“It is best to be proactive and get the folder-gluer operator(s) involved to validate the best way to score the stock being used,” said Pett. “We have seen some 4-point stocks have perfs in place of scores. In these instances, we noticed that the folds followed along the perfs better than the scores.””

Pett also recommended following the diemakers’ suggestions on scoring the piece. The diemaker should have a comprehensive chart that will match up the correct matrix and scoring rule thickness with the material thickness to help ensure optimal scores for excellent fold quality.

Although scoring is mostly done during the diecutting process, there is folding/gluing equipment available where a blank aligning module and creasing section adapted with creasing rollers can be used and potentially eliminate the need of an additional process through the diecutter.

“This type of creasing process can help with precise and straight guiding of the folding and allows the paper fibers to be re-molded after the printing and the coating process,” explained Magni. “This allows the paper fibers to bend in the newly created scoring channel instead of breaking, and essentially will help avoid cracking.”

Avoiding scuff

The best way to avoid scuffing of the printed piece through a folder-gluer is to be sure it is coated. This can be either a cured UV or aqueous coating that can be applied inline or offline. Either way, as discussed earlier, it is best to keep the coating off the flaps or other areas that will be glued.

Even if the carton or other printed piece has been coated, it is still best to avoid contact with any static tooling (bars, guides, deflectors, etc.). However, the belts on the folder-gluer also can create challenges with scuffing, particularly the feeder section where a carton will go from zero speed to over 2,000 feet per minute in a matter of seconds, which can create a burn-out effect on the printed side of the carton.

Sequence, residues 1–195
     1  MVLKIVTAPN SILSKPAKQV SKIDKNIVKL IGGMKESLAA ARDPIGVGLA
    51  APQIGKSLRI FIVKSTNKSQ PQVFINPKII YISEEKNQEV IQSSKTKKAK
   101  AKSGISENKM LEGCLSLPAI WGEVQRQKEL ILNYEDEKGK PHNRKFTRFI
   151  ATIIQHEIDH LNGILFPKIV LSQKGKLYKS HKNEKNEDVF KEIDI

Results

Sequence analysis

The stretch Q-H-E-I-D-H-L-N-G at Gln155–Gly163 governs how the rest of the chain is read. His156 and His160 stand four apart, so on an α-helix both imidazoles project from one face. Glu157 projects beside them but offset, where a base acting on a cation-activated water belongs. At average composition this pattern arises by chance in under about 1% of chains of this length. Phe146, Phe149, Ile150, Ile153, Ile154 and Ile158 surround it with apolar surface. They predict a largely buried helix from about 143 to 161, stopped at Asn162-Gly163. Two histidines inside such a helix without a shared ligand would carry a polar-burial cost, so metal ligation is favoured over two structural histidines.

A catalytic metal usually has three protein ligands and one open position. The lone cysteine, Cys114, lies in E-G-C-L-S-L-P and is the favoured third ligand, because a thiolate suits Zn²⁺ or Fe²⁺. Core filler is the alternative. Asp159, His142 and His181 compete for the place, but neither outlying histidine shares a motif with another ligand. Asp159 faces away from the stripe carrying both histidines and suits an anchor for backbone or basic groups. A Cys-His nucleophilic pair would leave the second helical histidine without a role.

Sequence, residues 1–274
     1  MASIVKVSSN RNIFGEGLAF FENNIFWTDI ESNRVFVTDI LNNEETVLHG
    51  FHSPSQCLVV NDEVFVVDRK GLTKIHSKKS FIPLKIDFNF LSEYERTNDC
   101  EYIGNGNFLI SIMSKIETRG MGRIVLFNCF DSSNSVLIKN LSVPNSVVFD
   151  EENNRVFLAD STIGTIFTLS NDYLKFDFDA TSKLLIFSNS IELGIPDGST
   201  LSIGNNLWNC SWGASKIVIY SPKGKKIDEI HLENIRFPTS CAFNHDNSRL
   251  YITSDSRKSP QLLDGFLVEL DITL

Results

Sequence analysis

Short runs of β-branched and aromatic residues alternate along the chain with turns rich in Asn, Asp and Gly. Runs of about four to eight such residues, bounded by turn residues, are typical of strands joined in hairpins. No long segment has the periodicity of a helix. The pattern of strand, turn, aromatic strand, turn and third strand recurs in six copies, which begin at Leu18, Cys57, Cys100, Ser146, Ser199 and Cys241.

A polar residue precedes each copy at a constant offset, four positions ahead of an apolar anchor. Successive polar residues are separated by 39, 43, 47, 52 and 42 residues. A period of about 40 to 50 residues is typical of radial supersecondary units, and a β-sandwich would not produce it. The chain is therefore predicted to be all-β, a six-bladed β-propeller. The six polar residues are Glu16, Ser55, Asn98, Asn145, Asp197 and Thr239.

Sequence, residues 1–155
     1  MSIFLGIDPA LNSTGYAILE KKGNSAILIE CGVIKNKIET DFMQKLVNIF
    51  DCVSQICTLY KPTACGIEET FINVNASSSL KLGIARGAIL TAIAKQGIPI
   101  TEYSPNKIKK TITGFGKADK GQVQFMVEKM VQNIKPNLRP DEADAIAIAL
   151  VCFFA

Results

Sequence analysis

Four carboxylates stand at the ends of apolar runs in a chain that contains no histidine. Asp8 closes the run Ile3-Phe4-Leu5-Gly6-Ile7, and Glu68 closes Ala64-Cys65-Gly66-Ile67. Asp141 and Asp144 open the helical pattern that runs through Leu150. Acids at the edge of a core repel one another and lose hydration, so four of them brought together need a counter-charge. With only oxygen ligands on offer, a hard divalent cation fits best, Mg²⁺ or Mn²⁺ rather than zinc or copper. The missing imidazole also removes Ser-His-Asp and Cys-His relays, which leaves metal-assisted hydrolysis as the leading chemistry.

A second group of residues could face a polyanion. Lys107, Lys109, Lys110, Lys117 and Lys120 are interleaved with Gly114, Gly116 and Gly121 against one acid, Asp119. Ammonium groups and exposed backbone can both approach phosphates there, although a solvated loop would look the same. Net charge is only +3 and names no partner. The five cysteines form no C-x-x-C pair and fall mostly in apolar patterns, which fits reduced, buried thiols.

“The belt manufacturers have done an incredible job in the past few years to create rubbers that can sustain those high speeds without putting too much stress on the printed surface,” explained Magni. Magni went on to say that the operator also has a part to play in this process; a good setup allowing for a larger surface of these belts to contact the carton also will lower the burn-out effect.

Ultimately, the use of a good quality coating, a quality folder-gluer machine, and fresh and clean belts with a good setup should all help combat any type of scuffing. “In the worst case scenario, the production speed may need to be reduced slightly to avoid any scuffing,” continued Magni.


The design of the piece and the consideration of areas such as the coating used and the quality of paper/board are important to achieving a quality outcome on the folder-gluer. Pett recommended communication from the end-user, printer and the final folder-gluer operator as an important step in determining final quality.

“When creating designs, get the folder-gluer operators involved early,” said Pett. “They have a vast amount of experience. Show them the drawings and ask them to show you how it would run through the machine.”

“Every step along the way will affect the next one, and the more mistakes or wrong choices that are made during this process will not only affect the time needed to produce the job, but most of all, will increase the cost of manufacturing which will affect the profit of the job,” concluded Magni. “This is why I always emphasize the fact that a well-conceived job starts by the design team’s knowledge of the products and equipment that will be used during the manufacturing process.”